— the power) to impose upon another tion whatever from the prescribed a specific confession or profession of forms—when they did this, they were religious belief, enforcing it so as to exercising only a usurped and illegitimake it essential to the enjoyment of mrate authority. Their proceeding certain pecuniary and other advan- anay indeed find some justification in tages. In general terms, it would, I the circumstances and beliefs of the should think, be admitted without age, much as the laws relating to argument, that no man is possessed of witchcraft may be thought to do. But any natural right to exercise such nevertheless, as in the case of those authority or control over another. laws, the course taken was founded in This position may be illustrated from error. It was essentially inconsistent the case of a father and his son--one with a high morality. The authority of the closest of the ties which can exist exercised could not, by the nature of between two human beings, one in the case, really belong to those who which authority and affection on the exercised it, any more than it would be one side, respect and confidence on the possible that the faculty of thinking other, may be assumed to exist in as in a given man should be taken away pure and disinterested a form as can from him and made the property of be well conceived. The question is, another person. Will it be morally right in the father, When men disobey a natural law, well aware as he must be of the even in ignorance, and act habitually fallibility of his own judgment, to in neglect of it, this is usually followed make use of the advantage which his by some penal consequence. It is so position gives him, either with or in the case of nations and legislatures, without the son's consent, to bind the and it is so in the case before us. latter to say “I assent and believe," "I Witness, generation after generation will continue to assent and believe," of disquiet in the Church, the multito bind and pledge him to do this by plication of sects, the alienation on attaching to it a valuable pecuniary religious grounds of large classes of the interest? Unquestionably, such a nation from each other. Such are and proceeding on the father's side would have been the consequences of the be wrong. It would be even morally Church policy of the sixteenth and wrong, and this from several points of seventeenth centuries—the uniformity view, into which I do not consider it of national faith on which it tried to necessary to enter in detail-neces- insist having hitherto proved to be sary at least for any thoughtful, the most vain and visionary of ends. earnest reader.

And so it was in the more terrible But if the proceeding be wrong in case of witchcraft. The unpatural the case supposed, can it be right in laws founded upon that belief, and the any other, as in that of a sovereign and untold miseries which resulted from his subjects, a legislature and those for them, gave dreadful testimony to the whom it makes laws, or a chapel com- falsehood and wrong involved in the mittee or a ruling Church body and a ideas upon which they were based. minister? This question too must If then, to pursue our main idea, surely be answered in the negative. the animus imponentis could have no When, therefore, Queen Elizabeth and right to impose, can it be right in the the statesmen of her time set up our subject mind to submit to the imposition, and to forego that natural and with him in this joint contract. It is sacred privilege of liberty of thought therefore a question to be asked, What which, quite as much as any of the do people in general understand him bodily senses, belongs to each man as to mean? a human being—to give this up, in a If, at the time, he makes no sort of certain sense, at the command or to open qualification or reservation, as to the disposal of another ? This ques- the particular sense in which he assents tion too, I should think, few persons and believes, he may reasonably be of clear and healthy mental vision held to do so in the obvious and popuwill answer in the affirmative ; and lar sense of the words to which he so, I venture to add, the entire system subscribes, It cannot be questioned of imposition and subscription of creeds that in the estimation of the great and articles of faith is demonstrably mass, not only of those who may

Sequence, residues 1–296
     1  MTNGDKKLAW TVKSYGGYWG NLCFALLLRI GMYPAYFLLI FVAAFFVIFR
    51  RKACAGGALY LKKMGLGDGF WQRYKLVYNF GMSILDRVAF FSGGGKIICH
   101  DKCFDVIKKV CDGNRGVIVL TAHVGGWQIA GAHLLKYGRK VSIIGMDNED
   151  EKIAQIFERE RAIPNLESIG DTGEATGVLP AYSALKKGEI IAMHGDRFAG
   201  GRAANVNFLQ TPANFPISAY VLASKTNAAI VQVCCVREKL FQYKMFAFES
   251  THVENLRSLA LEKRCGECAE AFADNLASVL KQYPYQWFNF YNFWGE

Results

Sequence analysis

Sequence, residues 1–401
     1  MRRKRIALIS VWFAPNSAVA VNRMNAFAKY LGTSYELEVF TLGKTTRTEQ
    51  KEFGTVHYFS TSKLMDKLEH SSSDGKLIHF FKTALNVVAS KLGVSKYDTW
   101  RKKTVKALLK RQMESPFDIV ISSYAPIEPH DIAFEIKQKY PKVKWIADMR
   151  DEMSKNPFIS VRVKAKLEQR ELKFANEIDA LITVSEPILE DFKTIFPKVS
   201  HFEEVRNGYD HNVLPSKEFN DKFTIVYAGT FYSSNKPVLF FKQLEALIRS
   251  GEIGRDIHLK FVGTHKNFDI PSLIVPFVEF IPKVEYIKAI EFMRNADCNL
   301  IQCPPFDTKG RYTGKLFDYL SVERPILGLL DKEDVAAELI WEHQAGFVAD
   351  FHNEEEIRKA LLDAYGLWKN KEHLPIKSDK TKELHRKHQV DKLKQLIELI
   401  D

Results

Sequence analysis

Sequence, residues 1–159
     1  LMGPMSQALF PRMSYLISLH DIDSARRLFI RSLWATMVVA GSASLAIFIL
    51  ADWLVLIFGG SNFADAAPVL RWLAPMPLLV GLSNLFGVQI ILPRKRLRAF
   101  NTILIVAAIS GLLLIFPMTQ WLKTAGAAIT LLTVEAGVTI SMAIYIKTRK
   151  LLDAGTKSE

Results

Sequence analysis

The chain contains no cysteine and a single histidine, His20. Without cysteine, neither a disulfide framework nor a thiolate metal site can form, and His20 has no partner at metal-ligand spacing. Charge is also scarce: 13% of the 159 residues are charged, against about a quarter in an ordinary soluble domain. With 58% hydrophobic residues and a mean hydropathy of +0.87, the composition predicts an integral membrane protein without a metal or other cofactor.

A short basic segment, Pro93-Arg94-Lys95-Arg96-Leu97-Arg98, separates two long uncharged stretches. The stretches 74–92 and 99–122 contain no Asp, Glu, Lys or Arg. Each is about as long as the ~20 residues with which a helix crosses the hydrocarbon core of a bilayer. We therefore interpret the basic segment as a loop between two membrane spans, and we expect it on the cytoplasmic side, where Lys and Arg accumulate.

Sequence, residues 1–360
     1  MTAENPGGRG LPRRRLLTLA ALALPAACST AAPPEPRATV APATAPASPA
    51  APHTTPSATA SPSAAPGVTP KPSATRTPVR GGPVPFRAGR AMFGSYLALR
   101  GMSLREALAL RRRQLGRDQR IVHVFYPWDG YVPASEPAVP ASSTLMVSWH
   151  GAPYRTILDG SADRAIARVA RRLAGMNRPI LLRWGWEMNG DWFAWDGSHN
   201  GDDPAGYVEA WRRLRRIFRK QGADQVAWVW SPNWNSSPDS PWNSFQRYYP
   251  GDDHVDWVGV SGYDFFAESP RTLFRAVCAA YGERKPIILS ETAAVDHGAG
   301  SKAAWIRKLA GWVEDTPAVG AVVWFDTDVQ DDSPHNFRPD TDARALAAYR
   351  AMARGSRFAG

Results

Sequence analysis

hear wrong and out of date, and ought to him in church, but of the whole nation, be got rid of as soon as may be. he does so; and that he assents to

But then, the creeds and articles and undertakes to believe and to use exist; and subscription to them is the words of Articles and Services in required, and must be given and is their ordinary and unqualified sense. given-voluntarily given—by those When, then, time after time, he rewho minister in the Church. The peats, “I believe,” in the Creeds, as, question of questions remains, What for example, the Article of the Incardoes it mean? What does it involve nation, in the words “conceived of in the way of promise and engage- the Holy Ghost,”—when he uses exment? This has been abundantly pressions which distinctly imply his discussed, and that, too, quite re- own consent to them, as in telling his cently and from different points of congregation that “without doubt” view. I would add to the discussion they shall “perish everlastingly” if the following consideration, which they do not hold and keep the Athaappears to me to be one of the nasian Creed,—when he says, in the greatest importance. I refer to the Baptismal Service, that the child is relation which exists between the “regenerate and grafted into the body Subscribing clergy and the general of Christ,” and delivered from God's public.